Friday, January 5, 2018

2018 Year in Review - Hepatitis Newsletters, Headlines & Updates

Welcome folks, for a recap of this year's HCV accomplishments check out the following newsletters, as well as blog and journal updates. We begin with news, please check back for updates.

In The News
Children with liver transplants often don't stick to their meds
By Scott Baltic
NEW YORK (Reuters Health) - Children with liver transplants who initially adhere to their prescribed immunosuppressive medications do not necessarily remain adherent in the second year after transplant, and those with higher rates of nonadherence more often face late acute rejection, researchers report.

"Our results suggest that good baseline adherence does not guarantee adherence later on, that nonadherence is likely to persist in the absence of interventions, and that monitoring of adherence and interventions to improve it should be expected to last for years if transplant outcomes are to be improved," write the study authors, led by Dr. Eyal Shemesh of the Department of Pediatrics and Kravis Children's Hospital at the Icahn School of Medicine at Mount Sinai in New York City.

Hepatitis C: '6000 in Wales have virus without knowing'
BBC News-6 hours ago
About 12,000 people in Wales are living with hepatitis C, half of whom have it unknowingly, a charity has said. The Hepatitis C Trust said many people did not know sharing razors increased their risk of contracting it. Wales aims to eliminate the virus as a major public health threat by 2030. Dr Christopher Williams from ...

Proton Pump Inhibitors Decrease Efficacy of DAAs in HCV Infection
Infectious Disease Advisor-Jan 5, 2018
Among patients with hepatitis C infection receiving direct-acting antivirals (DAAs), the use of proton pump inhibitors was shown to be associated with a 26% increased risk for failure to achieve sustained virologic response compared with non-use of proton pump inhibitors, according to the results of research published in ..

10 reports from 2017 on liver cancer incidence rates, major risk factors
January 5, 2018
Liver cancer rates continue to increase, prompting researchers to focus on leading causes such as hepatitis C and identifying major risk factors. Recent studies have identified some of these factors to include age, comorbidities and ethnicity.

The following reports focus on the incidence of hepatocellular carcinoma among specific demographics and after HCV therapy with direct-acting antivirals, and the efforts made to improve treatment and aftercare.

PharmaTimes
How the elimination of HCV in England could become a reality
Dr Andrew Ustianowski
Hepatitis C virus (HCV) infection is a significant public health issue in England, but one which the World Health Organization (WHO) has announced can be eliminated within a generation. New direct-acting antiviral curative treatments have been available in the UK since 2015, which means that theoretically it is possible to meet the WHO target and eliminate a disease which currently is a heavy burden on patients, carers and the health system. However, although England has pledged support for the WHO initiative, without a formal elimination strategy in place it is going to be difficult to meet this aim.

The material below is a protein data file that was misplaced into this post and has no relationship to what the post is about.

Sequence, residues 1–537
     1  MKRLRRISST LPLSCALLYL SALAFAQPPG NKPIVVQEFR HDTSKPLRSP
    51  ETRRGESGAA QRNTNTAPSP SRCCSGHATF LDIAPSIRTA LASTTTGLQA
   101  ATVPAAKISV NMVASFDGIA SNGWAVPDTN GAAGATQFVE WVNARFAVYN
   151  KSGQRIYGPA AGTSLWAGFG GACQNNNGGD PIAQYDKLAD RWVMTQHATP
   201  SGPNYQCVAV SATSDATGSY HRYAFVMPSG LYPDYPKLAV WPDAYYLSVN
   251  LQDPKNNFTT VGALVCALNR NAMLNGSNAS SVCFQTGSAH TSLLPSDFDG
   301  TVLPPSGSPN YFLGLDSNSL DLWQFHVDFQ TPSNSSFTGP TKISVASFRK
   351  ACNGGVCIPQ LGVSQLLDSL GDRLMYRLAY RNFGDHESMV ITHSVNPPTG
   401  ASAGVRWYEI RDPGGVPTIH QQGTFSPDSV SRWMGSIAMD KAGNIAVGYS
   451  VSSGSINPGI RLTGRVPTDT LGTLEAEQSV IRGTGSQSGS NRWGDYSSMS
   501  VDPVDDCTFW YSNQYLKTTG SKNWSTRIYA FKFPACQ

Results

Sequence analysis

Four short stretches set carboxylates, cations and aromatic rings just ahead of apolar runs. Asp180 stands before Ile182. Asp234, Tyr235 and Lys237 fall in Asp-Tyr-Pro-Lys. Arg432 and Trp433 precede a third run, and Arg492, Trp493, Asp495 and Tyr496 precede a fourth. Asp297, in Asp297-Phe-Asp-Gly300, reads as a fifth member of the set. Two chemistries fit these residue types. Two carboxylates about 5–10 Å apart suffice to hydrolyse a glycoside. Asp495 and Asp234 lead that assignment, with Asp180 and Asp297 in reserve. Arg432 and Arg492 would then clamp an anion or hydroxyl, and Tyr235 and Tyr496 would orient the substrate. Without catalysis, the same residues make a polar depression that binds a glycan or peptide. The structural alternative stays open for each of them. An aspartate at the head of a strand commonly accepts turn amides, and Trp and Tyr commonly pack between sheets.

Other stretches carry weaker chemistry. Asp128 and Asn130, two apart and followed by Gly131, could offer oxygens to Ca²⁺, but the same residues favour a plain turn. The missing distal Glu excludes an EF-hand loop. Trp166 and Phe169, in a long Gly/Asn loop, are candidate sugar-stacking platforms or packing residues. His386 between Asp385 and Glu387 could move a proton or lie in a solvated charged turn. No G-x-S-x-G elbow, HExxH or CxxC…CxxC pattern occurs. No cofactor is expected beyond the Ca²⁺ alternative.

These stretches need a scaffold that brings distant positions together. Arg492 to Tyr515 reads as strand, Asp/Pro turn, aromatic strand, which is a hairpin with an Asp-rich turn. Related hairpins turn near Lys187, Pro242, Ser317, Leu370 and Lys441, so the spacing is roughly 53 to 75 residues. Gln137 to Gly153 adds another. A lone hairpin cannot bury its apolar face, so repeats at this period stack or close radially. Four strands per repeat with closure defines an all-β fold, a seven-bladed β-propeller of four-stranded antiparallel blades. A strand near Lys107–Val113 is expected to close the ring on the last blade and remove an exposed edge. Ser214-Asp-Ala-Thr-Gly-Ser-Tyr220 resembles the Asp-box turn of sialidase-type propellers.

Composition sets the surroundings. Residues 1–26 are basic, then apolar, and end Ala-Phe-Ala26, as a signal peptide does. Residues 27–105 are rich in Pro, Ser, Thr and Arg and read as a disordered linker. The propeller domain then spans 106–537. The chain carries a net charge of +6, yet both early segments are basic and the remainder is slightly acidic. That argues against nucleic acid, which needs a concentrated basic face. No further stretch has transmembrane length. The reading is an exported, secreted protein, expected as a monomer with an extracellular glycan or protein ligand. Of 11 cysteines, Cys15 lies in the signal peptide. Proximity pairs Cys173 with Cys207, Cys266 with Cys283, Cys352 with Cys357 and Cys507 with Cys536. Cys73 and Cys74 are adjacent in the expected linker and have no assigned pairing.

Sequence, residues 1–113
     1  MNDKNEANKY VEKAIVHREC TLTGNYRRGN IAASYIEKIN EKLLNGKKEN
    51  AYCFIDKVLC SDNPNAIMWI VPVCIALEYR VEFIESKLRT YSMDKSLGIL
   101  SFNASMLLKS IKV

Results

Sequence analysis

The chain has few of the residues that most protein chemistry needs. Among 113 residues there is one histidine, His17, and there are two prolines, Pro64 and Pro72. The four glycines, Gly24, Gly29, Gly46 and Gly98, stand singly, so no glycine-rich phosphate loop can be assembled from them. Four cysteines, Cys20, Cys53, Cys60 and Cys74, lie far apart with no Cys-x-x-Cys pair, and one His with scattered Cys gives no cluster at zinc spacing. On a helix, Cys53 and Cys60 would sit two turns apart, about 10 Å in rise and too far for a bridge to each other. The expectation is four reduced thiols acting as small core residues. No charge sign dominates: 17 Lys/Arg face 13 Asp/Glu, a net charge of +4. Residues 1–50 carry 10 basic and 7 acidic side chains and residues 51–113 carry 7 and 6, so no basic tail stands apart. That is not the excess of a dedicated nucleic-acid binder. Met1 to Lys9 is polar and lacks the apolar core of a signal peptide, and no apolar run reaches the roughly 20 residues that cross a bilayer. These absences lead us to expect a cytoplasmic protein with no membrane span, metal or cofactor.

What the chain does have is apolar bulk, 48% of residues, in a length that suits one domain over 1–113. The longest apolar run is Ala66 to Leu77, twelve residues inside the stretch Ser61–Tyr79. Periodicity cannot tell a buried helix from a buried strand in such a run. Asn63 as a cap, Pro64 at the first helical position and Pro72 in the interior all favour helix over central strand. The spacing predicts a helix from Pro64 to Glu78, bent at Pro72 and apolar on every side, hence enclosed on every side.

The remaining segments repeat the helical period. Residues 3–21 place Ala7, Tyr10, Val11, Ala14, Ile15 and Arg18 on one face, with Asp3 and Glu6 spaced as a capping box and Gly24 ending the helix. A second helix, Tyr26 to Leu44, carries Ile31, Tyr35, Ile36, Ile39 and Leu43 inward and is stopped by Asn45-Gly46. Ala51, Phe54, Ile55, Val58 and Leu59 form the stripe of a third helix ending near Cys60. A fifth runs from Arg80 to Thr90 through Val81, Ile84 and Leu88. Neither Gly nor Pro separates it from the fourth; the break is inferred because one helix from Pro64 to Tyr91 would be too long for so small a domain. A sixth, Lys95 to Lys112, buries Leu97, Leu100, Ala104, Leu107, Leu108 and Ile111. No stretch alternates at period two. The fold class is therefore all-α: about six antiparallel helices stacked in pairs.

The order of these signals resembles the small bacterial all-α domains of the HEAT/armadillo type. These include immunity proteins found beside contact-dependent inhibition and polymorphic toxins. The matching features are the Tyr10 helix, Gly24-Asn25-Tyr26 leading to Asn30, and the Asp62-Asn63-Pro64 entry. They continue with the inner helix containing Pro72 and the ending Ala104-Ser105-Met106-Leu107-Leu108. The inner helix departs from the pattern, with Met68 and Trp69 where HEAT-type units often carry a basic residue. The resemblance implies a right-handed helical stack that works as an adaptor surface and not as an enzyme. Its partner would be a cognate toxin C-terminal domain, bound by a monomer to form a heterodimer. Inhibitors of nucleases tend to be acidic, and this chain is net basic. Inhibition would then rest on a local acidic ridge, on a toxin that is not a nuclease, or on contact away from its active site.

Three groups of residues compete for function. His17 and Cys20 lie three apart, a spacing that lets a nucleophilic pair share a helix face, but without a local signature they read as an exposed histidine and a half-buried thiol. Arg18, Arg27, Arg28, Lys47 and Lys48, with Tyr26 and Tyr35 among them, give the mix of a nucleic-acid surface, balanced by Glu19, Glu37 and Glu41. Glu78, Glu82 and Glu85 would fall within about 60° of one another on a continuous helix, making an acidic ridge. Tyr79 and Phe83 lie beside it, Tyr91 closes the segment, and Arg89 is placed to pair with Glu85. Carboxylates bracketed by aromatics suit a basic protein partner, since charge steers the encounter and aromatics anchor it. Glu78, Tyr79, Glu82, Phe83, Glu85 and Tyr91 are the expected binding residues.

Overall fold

This is totally unnecessary: Calls grow for tighter control of acetaminophen
Elizabeth Payne
A key to preventing unintentional overdoses, Yoshida believes, would be limiting sales of acetaminophen to 325 mg tablets, which would mean the end of popular Extra Strength Tylenol, which contains 500 mg of acetaminophen.

Clinical Care Options
How Injection Drug Use Affects HCV Treatment
Norah Terrault MD, MPH - 1/3/2018
Here’s my take on why colocalization of HCV treatment with other medical and social services may be ideal for persons who inject drugs.

2018 - January Newsletters

Weekly Bull
Read The Latest Issue: Weekly Bull
Another year has come and gone; and what a year it has been! Again, major breakthroughs in HCV treatment made their way to the public, with new options for re-treatment, shorter treatment and ease of treatment. The new pan-genotypic treatments require less testing and some of the newer drugs have drastically lower prices!

HCV Advocate - Happy Anniversary
This month you're in for treat, featured in HCV Advocates 20th Anniversary Newsletter is a look back at the early days of HCV, and the people who made the Hepatitis C Support Project possible.

Here is an overview:
By Alan Franciscus
In 1996, shortly after a diagnosis of HCV, I started the Hepatitis C Support Project (HCSP). The HCV Advocate newsletter, our website and our national training program came later. Our humble beginnings started with support groups (HCV and HIV/HCV coinfected) and a local helpline. I also had one-on-one counseling in my home (I had no boundaries!). Additionally, I started to develop educational materials—the first one was our HCV Information Packet

By Lucinda K. Porter, RN
When the first HCV Advocate was published, hep C treatment was long, tough, and the response rates were low. The only treatment was interferon. It was not pegylated and injections were three times weekly. Ribavirin was not yet in the picture. Now HCV medications can cure just about everyone with a short, tolerable treatment.